The effects of temperature on muscle pH, adenylate and phosphogen concentrations in Oreochromis alcalicus grahami, a fish adapted to an alkaline hot-spring
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The concentrations of phosphorylcreatine (PCr), adenosine triphosphate (ATP), adenosine diphosphate (ADP), adenosine monophosphate (AMP), inorganic phosphate (Pi), pyruvate and lactate were determined in freeze-clamped fast muscle samples from Oreochromis alcalicus grahami a fish adapted to extreme alkalinity (∼ pH 10·0) and high temperatures (Lake Magadi, Kenya). Specimens were analysed from both geothermally heated hotsprings (35–37°C) and from isolated cool pools (28°C) and from stocks acclimated to 20°C in the laboratory. The ratios of (ATP)/(ADP) and (ATP)/(ADP) (Pi) decreased with increasing body temperature consistent with an increase in glycolysis and tissue respiration rates, respectively. The apparent equilibrium constant of creatine kinase (KCK), (creatine) (ATP)/(phosphorylcreatine) (ADP) was found to decrease with increasing temperature: 20·2 (20°C), 13·9 (28°C), 8·0 (37°C). A near constant muscle and blood pH (or slight increase in alkalinity with higher temperatures) was found regardless of body temperature (Blood pH 7·64, 7·74, muscle pH 7·27, 7·51 at 20°C and 35°C, respectively). These results are consistent with an unusual pattern of acid-base regulation in this species.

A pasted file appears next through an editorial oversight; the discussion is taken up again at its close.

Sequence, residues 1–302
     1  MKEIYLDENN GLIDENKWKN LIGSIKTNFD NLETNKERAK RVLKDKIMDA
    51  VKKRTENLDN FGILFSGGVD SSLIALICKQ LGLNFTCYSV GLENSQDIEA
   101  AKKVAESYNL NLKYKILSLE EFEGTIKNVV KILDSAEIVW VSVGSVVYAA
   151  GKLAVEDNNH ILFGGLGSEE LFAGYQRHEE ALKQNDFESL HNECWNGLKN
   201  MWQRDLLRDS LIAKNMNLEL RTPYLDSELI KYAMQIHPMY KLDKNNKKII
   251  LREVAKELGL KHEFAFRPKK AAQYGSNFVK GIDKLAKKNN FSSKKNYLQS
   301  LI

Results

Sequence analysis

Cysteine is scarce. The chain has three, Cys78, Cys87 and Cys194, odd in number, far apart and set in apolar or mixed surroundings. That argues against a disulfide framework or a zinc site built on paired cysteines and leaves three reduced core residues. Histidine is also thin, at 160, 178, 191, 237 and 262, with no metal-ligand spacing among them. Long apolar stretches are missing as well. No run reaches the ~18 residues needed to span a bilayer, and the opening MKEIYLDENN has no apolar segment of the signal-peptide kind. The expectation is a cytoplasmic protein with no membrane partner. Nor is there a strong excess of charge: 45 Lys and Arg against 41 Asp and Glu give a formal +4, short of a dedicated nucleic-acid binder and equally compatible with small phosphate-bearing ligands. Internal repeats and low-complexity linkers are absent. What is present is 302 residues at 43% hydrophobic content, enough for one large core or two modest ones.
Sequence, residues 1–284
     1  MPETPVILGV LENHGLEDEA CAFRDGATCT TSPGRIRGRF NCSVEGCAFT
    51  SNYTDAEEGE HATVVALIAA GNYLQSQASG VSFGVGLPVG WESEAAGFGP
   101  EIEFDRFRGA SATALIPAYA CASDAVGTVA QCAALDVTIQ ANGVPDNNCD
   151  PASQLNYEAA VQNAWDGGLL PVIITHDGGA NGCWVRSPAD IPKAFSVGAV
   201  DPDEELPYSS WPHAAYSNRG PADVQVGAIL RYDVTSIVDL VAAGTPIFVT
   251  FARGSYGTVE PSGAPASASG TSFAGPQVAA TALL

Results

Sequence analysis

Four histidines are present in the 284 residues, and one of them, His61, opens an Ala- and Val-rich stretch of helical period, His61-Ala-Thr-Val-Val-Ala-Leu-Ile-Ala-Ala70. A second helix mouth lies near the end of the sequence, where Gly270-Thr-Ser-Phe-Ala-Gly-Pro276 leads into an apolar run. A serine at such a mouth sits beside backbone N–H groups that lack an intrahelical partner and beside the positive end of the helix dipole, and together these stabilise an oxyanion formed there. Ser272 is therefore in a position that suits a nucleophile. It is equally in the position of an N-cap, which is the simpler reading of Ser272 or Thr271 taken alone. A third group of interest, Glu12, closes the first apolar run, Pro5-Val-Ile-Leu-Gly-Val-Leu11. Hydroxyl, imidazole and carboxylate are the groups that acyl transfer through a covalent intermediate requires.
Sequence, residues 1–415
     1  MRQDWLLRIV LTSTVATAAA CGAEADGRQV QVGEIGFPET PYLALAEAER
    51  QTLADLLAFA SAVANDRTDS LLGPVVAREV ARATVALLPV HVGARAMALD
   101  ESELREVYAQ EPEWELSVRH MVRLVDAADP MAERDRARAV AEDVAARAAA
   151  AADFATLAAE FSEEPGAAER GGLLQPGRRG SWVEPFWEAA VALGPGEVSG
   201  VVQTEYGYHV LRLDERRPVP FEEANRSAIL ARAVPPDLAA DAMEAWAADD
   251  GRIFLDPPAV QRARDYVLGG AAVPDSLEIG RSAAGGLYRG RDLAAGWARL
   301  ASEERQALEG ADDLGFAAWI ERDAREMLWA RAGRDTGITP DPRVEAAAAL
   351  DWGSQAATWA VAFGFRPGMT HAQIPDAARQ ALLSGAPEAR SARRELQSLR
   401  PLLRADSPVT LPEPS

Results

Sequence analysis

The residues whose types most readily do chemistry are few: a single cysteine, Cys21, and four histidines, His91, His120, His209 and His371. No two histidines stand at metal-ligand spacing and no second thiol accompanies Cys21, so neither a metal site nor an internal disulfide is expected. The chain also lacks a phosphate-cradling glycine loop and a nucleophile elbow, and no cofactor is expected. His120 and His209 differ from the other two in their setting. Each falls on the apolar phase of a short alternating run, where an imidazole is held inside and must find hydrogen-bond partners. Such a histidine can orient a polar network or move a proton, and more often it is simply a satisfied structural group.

xmlui.dri2xhtml.METS-1.0.item-identifier-citationJournal of Fish Biology Volume 23, Issue 6, pages 717–724, December 1983
WileyDepartment of Animal Physiology, University of Nairobi,